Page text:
Investigating the fiscal resource curse
What’s China got to do with it?
The term fiscal resource curse refers to countries’ inability to raise taxes from a broad base in the presence of natural resources. We employ a novel instrumental variable strategy to estimate the causal effect of resource revenues on non-resource tax effort by exploiting the so-called ‘China shock’.
Since its 2001 accession to the World Trade Organization, China’s non-renewable resource trade has driven up commodity prices, raising resource revenues among exporting countries. Exporting countries benefit from infrastructure projects rather than just liquid capital flows.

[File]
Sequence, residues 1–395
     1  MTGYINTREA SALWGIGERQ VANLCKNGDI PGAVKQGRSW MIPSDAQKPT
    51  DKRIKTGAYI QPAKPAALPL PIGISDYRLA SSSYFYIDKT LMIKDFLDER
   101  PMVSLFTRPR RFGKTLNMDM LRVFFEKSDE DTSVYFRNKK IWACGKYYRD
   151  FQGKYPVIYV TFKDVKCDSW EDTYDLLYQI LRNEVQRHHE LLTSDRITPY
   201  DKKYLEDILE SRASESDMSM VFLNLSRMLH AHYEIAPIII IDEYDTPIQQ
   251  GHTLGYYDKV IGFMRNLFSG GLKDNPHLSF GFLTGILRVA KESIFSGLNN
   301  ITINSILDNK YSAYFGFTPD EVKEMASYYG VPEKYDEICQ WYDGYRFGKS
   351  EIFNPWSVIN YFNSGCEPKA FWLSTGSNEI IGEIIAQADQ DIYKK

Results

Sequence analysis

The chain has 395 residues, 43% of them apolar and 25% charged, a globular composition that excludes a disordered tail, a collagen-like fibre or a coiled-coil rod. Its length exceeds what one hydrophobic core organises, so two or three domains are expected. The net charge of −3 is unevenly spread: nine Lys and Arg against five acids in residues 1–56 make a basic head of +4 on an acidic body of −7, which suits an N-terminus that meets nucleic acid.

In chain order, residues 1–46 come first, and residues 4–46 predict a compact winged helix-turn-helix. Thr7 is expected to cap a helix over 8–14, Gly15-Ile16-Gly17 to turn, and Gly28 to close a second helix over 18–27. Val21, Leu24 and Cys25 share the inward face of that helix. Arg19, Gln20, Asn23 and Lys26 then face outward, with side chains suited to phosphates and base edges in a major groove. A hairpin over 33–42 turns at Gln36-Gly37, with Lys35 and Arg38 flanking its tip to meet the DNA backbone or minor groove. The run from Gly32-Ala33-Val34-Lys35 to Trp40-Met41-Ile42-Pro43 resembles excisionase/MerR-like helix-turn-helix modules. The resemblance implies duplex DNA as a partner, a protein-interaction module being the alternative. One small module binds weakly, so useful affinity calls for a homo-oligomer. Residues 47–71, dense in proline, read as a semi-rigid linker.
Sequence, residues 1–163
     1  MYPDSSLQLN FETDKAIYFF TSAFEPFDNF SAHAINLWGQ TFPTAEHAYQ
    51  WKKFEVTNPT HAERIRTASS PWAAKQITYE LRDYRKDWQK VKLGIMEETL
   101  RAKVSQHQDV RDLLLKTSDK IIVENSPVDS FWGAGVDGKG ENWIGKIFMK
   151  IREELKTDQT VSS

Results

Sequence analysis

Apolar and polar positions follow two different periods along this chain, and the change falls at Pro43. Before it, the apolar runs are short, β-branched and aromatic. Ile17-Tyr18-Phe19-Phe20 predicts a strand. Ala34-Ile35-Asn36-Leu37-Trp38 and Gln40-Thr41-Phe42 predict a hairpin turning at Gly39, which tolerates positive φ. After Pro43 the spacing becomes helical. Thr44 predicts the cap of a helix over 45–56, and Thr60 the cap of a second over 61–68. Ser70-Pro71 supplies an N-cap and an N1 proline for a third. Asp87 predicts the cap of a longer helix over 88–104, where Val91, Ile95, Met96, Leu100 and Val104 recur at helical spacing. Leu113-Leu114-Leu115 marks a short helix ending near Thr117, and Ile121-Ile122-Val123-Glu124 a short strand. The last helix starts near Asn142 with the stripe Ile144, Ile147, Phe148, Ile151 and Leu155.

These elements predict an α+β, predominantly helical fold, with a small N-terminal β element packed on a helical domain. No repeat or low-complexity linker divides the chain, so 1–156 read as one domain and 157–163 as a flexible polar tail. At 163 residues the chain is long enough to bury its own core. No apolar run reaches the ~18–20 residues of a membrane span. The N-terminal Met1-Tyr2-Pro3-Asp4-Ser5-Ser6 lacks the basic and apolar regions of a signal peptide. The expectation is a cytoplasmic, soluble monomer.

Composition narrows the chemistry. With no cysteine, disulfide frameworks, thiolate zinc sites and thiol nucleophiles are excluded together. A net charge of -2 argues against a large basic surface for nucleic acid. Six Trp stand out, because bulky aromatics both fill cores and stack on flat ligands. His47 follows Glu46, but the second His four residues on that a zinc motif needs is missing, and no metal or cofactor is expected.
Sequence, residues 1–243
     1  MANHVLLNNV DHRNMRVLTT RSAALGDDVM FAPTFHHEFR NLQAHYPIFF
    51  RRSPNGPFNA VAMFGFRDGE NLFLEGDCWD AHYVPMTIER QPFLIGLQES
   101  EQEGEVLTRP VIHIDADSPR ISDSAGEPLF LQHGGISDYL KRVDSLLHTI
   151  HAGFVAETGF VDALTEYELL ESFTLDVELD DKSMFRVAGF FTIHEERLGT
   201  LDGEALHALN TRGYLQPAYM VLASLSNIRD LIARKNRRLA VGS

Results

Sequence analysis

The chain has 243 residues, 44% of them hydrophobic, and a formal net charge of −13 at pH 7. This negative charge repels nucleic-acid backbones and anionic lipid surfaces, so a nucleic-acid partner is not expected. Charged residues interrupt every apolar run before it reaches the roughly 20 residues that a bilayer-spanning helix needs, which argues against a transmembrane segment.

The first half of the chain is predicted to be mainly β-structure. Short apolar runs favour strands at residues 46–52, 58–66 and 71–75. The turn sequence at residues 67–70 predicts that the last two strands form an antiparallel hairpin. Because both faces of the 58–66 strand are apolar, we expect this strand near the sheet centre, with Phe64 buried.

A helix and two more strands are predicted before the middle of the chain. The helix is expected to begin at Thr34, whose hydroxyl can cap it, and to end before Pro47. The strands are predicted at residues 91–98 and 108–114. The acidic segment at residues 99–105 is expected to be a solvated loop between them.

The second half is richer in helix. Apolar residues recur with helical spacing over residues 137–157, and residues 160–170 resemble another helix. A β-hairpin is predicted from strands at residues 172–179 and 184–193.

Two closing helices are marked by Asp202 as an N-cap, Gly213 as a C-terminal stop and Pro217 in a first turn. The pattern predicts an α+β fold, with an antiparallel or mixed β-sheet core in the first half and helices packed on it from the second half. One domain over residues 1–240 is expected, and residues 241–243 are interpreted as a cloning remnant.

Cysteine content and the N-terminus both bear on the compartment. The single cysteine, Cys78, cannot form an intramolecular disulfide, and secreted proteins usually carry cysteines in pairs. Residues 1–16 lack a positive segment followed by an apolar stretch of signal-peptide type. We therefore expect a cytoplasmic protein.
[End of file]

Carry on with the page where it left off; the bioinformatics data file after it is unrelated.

Our results provide no consistent evidence for a fiscal resource curse. On the contrary, a one-percentage-point increase in resource revenues as a percentage of GDP leads to about a 0.3-percentage-point increase in non-resource taxes as a percentage of GDP.
China’s non-resource trade model might be easing binding constraints to expanding the non-resource sector and presenting an opportunity to diversify the domestic revenue base in developing countries.